Issue No. 79
I was introduced to Sara Nović at the beginning of the Fall 2013 semester, in my capacity as a thesis advisor in the Columbia University M.F.A. program. I began, as I always do, by asking my advisee to tell me about her project. Sara said that she had been working for several years on a novel which juxtaposes a young Croatian girl’s experiences during the Yugoslav Wars with her later attempts to “pass as American” while attending college in New York City. There was just one problem: in the time between signing up and being paired with an advisor she’d sold the novel to Random House (as yet untitled, but due out in early 2015).
I advised her that this was not, strictly speaking, a problem. And yet it did raise a somewhat vexing question as to how proceed. An editor is nothing if not a kind of thesis advisor, and I didn’t think the novel needed two. So I asked Sara what else she was working on, and she said she had some short stories in various states of completion, and so we got to work.
Nović’s stories are sharp, dark, full of urgency and rich with the comedy of despair. (One is narrated by a Deaf teenage boy whose born-again mother attempts to have him faith-healed.) As you’ll see, the setting and concerns of “Notes on a War-Torn Childhood” resonate with the description of the novel given above, but it is not an excerpt.The story, told in distilled, nimble, haunting prose, begins simply: “I’m ten the night my house explodes.”
What follows is a vivid and bracing tale of survival, as Nović shows us the terrible swiftness with which normal life can be obliterated: a city becomes a hellscape, a child is forced to join a war: “Every morning we bike the wreckage formerly known as streets, each with one eye to the ground, pinpointing Četnik strongholds and reporting coordinates back to the Captain. […] They call me Red Sonja, which is a reference to a movie I’ve never seen, but one which they assure me is badass.”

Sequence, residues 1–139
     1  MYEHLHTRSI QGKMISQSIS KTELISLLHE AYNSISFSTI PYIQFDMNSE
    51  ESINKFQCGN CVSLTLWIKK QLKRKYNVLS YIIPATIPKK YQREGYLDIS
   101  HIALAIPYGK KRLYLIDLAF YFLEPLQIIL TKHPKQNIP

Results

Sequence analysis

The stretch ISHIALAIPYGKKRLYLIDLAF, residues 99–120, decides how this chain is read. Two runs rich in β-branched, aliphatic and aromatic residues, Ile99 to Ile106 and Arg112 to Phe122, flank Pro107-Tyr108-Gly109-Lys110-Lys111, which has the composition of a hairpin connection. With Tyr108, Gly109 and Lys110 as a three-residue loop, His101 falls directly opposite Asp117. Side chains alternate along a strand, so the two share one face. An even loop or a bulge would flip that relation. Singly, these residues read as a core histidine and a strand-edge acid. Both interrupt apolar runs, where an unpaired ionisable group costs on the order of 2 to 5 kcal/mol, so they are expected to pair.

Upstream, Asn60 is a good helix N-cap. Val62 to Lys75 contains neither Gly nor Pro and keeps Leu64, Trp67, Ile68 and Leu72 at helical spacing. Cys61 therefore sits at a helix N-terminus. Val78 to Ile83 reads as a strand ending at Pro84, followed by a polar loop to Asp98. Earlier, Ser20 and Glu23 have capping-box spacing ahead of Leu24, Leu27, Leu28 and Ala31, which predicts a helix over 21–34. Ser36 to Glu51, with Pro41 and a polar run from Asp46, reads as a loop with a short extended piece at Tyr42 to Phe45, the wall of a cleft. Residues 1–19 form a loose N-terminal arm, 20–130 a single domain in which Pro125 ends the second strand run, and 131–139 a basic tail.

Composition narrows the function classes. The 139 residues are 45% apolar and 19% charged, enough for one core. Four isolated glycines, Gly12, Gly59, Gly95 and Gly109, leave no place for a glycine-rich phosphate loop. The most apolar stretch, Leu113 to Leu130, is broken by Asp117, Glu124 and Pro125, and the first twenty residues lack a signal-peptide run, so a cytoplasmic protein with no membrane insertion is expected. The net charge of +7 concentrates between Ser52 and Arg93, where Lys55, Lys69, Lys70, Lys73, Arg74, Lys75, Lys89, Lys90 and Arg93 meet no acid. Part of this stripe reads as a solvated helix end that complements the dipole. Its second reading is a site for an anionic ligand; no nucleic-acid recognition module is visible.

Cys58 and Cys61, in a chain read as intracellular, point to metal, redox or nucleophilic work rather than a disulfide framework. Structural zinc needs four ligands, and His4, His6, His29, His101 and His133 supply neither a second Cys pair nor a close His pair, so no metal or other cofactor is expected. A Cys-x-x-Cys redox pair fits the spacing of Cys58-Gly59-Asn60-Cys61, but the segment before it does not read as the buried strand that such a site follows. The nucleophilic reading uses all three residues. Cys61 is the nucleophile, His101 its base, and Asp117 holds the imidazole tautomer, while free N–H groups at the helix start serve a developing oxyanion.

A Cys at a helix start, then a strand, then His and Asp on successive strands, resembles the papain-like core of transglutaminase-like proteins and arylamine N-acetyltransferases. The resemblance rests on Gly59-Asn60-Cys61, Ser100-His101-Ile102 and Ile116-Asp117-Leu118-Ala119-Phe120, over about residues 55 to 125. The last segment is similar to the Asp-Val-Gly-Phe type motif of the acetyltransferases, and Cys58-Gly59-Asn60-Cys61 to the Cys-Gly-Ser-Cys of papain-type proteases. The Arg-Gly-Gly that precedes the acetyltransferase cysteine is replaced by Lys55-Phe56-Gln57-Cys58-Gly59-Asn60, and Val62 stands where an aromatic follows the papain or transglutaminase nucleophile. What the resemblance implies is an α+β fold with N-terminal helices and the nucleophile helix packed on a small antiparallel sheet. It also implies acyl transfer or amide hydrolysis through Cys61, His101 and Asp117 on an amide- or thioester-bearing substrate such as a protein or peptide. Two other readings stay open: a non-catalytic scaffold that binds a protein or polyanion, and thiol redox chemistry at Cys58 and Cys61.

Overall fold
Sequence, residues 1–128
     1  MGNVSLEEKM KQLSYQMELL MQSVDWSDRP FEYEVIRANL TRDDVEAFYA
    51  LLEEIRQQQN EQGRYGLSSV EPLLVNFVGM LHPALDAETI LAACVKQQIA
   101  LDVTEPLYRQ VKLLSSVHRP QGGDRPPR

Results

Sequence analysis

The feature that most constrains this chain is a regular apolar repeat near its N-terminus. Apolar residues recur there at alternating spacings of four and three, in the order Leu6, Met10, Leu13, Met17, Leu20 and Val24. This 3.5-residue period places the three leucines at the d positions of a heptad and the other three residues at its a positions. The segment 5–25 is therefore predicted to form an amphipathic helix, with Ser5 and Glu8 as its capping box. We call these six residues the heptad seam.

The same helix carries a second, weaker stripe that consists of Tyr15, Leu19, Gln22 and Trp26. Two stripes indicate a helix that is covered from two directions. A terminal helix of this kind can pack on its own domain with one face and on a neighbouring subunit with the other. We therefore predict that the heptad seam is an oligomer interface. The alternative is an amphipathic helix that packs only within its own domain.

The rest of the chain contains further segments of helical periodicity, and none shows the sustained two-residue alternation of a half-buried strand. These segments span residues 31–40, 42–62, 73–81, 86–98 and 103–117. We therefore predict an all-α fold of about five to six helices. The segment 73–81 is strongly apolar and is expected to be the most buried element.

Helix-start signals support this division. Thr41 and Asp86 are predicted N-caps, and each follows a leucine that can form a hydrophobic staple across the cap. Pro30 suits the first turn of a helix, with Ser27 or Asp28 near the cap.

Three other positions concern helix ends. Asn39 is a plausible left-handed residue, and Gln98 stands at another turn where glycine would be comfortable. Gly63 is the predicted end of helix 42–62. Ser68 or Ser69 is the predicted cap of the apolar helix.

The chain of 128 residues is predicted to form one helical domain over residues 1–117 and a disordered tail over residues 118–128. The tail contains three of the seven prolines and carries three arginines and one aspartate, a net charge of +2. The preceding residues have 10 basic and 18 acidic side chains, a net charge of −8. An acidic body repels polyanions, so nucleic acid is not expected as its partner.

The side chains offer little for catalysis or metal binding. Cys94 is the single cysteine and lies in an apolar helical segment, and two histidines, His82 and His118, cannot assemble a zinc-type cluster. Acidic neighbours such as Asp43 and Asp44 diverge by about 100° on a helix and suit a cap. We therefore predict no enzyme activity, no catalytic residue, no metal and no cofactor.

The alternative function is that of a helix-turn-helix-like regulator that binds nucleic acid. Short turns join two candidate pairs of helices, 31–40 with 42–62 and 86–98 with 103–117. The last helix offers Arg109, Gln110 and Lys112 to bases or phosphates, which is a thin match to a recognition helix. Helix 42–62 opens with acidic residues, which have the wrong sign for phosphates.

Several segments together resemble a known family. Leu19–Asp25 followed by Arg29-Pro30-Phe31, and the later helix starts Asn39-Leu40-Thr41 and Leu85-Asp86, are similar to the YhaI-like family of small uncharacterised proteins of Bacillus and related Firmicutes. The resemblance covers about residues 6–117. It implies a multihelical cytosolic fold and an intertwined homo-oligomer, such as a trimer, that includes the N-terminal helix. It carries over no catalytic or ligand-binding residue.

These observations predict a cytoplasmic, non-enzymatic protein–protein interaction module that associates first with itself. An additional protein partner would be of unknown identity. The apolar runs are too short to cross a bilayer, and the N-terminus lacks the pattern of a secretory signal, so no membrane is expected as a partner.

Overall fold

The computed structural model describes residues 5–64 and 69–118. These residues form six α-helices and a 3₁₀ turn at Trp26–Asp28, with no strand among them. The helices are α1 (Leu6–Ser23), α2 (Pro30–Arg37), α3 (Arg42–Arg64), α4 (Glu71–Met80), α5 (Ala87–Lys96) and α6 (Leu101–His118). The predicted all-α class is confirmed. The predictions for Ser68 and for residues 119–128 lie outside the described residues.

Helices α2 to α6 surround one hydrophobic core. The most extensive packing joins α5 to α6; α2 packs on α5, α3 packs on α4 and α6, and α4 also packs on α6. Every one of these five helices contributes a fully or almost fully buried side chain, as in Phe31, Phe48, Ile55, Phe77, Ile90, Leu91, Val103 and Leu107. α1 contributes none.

Badass, indeed. Sara Nović’s is a powerful, original, and compelling new voice; one that I hope and expect will be with us for a long time, and which it is my privilege to recommend to you today.
Author, Everything Here is the Best Thing Ever
Support Recommended Reading
By Sara Nović
Recommended by Justin Taylor
I’m ten the night my house explodes. The sound isn’t a sound, just a vibration so strong it rattles my chest. I come-to face down on the floor, impossibly unharmed, and pull myself on my elbows across the carpet and into the hallway. A section of the house—the part where my parents’ bedroom is supposed to be—is missing. I run. In the street, the pavement is warped from the treads of tanks that have plowed through the neighborhood. I spot a trench, jump down, and follow its rutted path toward the city center.
Deep underground in the public shelter I bypass the cluster of my classmates who are vying for their turn on the stationary bicycle that lights this airless cement box—surrogate playtime, a welcome distraction from boredom and fear. They let me cut the line, and I pedal fast until the lights glow full-strength and my joints stiffen with shock. It’s only when I stop that I notice the blood trickling from my ears and down my neck in thin red escape routes. Other people’s mothers ask me if I’m okay. I don’t like to talk about it.
People in the city are disappearing. People have been forced to walk east; people have become hemic vapor amidst the midnight explosions. We are fortunate they’ve blown up the TV tower, that we cannot turn on the news and see the images the rest of Europe is now viewing and ignoring: pictures of our neighbors, bald and emaciated in camps that the Serbian government is claiming, in the same broadcast, do not exist.